Acute Stress Disorder
April 15, 2018
Acute stress disorder (ASD) is an anxiety disorder, and more specifically a trauma and stress or related disorder, where the person has suffered a trauma, or witnessed a trauma, and certain symptoms follow. The disorder may sound very similar to post-traumatic stress disorder (PSTD), and some argue that ASD is a precursor to PTSD, as they are very similar. The differences include ASD having solely anxiety and fear-based symptoms, while PTSD has some symptoms that are not normally associated with anxiety. For an ASD diagnosis, the symptoms must occur anywhere from three days after the traumatic event, to one month later.
Acute stress disorder symptoms can include:
- A subjective sense of numbing, detachment, or absence of emotional responsiveness
- A reduction in awareness of his or her surroundings (i.e., “being in a daze”)
- Dissociative amnesia (i.e., inability to recall an important aspect of the trauma)
While it is easy to see what causes acute stress disorder, it is harder to determine who will develop this anxiety disorder. The stressful event is obvious, but many people are able to cope with trauma without developing ongoing symptoms. What is known is that people with other mental health conditions seem to be more vulnerable to developing ASD. Also, having had a history of trauma and stress, and an avoidant coping style are shown to be connected to developing ASD and PTSD. An avoidant coping style means that a person attempts to bury their problems rather than address them.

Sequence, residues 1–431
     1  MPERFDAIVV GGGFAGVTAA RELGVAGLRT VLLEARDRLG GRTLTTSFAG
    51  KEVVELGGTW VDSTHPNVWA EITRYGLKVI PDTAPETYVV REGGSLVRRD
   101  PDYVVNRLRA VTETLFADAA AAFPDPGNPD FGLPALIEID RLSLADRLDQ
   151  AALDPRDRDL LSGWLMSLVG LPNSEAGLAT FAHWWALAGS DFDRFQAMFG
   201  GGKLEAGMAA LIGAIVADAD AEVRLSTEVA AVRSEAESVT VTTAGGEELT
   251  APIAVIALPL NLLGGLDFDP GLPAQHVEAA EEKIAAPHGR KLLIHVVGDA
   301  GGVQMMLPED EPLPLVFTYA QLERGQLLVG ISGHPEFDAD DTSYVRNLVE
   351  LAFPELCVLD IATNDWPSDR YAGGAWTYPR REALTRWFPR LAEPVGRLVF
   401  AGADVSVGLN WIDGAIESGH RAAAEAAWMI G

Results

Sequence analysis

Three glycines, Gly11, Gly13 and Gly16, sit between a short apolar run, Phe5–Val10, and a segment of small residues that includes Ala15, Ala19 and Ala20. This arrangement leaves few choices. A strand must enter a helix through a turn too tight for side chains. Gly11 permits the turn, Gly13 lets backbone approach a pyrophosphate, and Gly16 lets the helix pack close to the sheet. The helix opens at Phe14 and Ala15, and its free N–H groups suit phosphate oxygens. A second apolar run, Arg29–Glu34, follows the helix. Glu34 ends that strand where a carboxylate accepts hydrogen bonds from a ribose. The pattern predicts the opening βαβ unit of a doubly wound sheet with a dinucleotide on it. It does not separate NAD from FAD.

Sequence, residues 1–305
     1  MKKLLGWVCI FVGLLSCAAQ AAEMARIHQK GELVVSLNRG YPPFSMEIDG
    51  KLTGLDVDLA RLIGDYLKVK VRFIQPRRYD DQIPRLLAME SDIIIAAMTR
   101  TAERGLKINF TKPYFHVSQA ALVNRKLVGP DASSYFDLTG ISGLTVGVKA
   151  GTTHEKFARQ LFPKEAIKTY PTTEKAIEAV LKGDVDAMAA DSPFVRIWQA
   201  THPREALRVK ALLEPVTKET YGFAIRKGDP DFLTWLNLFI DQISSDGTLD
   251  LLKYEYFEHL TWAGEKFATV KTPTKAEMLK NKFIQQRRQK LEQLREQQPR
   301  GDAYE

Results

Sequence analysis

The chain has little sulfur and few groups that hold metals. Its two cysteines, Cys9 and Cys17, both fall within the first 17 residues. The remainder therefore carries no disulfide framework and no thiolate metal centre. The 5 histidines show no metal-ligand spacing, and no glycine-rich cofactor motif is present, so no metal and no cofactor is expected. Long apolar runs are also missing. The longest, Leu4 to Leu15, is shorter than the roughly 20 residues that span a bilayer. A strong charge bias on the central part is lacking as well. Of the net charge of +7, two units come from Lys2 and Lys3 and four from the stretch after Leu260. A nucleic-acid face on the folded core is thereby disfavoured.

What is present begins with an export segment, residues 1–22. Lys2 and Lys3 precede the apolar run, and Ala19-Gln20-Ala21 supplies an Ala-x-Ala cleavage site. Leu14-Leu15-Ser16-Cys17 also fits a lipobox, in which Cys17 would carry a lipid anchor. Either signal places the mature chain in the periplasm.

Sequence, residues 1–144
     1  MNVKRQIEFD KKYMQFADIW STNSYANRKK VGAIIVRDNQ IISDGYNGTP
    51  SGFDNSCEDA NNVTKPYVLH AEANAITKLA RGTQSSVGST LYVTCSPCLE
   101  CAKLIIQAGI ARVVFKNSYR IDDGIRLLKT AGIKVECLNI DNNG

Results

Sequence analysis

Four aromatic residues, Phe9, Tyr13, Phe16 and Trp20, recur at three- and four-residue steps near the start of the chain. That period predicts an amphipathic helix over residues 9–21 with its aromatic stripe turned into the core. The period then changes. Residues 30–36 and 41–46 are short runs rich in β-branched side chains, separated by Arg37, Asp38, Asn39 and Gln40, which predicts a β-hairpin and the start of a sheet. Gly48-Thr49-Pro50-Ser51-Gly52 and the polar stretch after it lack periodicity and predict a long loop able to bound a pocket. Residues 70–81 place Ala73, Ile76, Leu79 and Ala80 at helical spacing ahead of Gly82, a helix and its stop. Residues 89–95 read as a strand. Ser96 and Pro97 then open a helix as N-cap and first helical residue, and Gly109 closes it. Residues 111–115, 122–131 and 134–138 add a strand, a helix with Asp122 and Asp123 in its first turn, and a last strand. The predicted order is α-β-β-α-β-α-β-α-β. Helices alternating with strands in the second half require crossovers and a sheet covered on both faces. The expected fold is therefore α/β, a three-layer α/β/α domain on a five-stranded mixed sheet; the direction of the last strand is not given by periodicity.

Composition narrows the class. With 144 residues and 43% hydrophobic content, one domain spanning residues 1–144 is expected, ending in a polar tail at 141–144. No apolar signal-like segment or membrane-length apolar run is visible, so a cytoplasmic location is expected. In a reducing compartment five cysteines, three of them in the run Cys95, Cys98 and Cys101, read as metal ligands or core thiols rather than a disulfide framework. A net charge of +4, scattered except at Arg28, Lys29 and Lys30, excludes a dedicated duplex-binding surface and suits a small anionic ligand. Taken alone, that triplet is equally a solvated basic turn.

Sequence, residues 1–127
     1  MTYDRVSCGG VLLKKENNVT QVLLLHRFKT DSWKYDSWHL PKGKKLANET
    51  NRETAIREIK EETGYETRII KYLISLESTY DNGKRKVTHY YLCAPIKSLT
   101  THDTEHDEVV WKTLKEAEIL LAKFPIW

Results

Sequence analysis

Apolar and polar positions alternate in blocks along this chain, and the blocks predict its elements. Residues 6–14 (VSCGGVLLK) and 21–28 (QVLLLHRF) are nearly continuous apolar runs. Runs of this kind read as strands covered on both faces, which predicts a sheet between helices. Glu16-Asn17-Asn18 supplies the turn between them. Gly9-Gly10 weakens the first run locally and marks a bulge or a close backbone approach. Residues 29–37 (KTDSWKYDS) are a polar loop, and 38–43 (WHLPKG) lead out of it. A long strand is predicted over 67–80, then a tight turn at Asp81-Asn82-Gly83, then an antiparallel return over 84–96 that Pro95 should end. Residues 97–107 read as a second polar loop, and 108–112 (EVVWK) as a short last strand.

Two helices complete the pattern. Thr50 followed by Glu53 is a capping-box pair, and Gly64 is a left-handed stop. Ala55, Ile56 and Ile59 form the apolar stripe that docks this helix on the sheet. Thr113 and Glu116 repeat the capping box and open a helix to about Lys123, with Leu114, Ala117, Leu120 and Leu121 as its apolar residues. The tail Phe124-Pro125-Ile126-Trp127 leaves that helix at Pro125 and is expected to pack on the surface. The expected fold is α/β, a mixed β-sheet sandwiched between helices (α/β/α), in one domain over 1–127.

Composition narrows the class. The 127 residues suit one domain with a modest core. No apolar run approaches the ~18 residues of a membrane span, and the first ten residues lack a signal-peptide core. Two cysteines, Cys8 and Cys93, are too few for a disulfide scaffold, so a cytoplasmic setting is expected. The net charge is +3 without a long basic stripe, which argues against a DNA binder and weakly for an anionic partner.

One thing that is known to help people cope with trauma and stress is a psychological debriefing, following the stressful event. A psychological debriefing is often very helpful in preventing the development of any further mental health problems after a trauma. A debriefing is a structured group session, where everyone involved in the trauma talk about what they saw and experienced, their reactions, and receive some basic education on what is normal coping and what is potential problematic coping. Preventative interventions are frequently seen as the intervention of choice after a traumatic event.
There is also treatment available for people who have already been diagnosed with ASD. Cognitive behavioral therapy and mindfulness interventions have been shown to help treat anxiety disorders. Medication is available to help treat some of the symptoms of the disorder, and education of appropriate, and helpful ways to cope with an anxiety disorder.
Being a part of a life-threatening trauma can be hard enough, but sometimes it’s the after effects that are most painful. If this sounds like you or someone you care about, please reach out for help. The sooner you get the help you deserve, the easier it will be to overcome the symptoms.